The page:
Big cloning

ANDY PHILLIPS andy.phillips at afrc.ac.uk
Thu Jul 14 04:11:39 EST 1994


As regards cloning of large fragments into plasmids, many years ago I cloned 
a set of chloroplast DNA fragments into pUC8: about half of these were over 5kb 
and several were 18-22 kb in size. I did this by ligating PstI digested 
chloroplast DNA to CIP-treated, cut vector. I picked about 50 random clones to 
identify the smaller clones and then used colony hybridization with labelled, 
isolated fragments to identify those with larger inserts, which were much 
rarer. I used the Hanahan hexaminecobaltchloride/DTT method to increase 
transformation rate.

I suspect that the key part of the above strategy is that the insert DNA has 
never been down an agarose gel. Isolating a large fragment is especially 
tricky, as it is more likely to pick up UV damage on the transilluminator than 
is a small fragment. Maybe methylene blue staining would help here, but there's 
still the problem of contaminating agarose and impurities carried through 
purification. You don't need that when you're pushing your luck anyway.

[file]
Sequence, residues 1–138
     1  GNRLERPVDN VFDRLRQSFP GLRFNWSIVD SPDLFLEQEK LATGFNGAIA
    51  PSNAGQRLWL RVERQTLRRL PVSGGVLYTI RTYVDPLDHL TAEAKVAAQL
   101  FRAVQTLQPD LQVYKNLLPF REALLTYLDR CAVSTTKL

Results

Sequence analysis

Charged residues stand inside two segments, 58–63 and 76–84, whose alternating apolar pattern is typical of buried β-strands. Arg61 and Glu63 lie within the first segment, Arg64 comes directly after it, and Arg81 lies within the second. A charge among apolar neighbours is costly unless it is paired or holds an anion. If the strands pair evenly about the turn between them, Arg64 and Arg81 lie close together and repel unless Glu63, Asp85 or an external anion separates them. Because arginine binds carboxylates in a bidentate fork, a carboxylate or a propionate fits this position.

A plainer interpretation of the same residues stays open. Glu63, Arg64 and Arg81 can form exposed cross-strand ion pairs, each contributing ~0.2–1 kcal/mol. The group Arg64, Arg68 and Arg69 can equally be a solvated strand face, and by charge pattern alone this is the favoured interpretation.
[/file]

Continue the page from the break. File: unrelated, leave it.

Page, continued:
You should probably also use a recA- strain for the cloning, as larger 
fragments have more chance of containing troublesome sequences. Having said 
that, I used JM83 (which I think is rec+), but there was a single chloroplast 
DNA fragment that refuse to clone.

We've also found recently that although electroporation can help in cloning 
large fragments, as it increases the efficiency of transformation, not all 
electroporators appear to be equal. We spent some time trying to use to clone 
a 6kbp fragment into an 8kbp transfer vector with a cheapo electroporator 
(Invitrogen) with no success. When we used the (expensive) all-singing, 
all-dancing BioRad machine, it worked first time. This may be a function of the 
specific plasmid or insert, but it suggests that not all electroporators are 
created equal. However, the Invitrogen machine is fine for most things.

Cheers,

Andy

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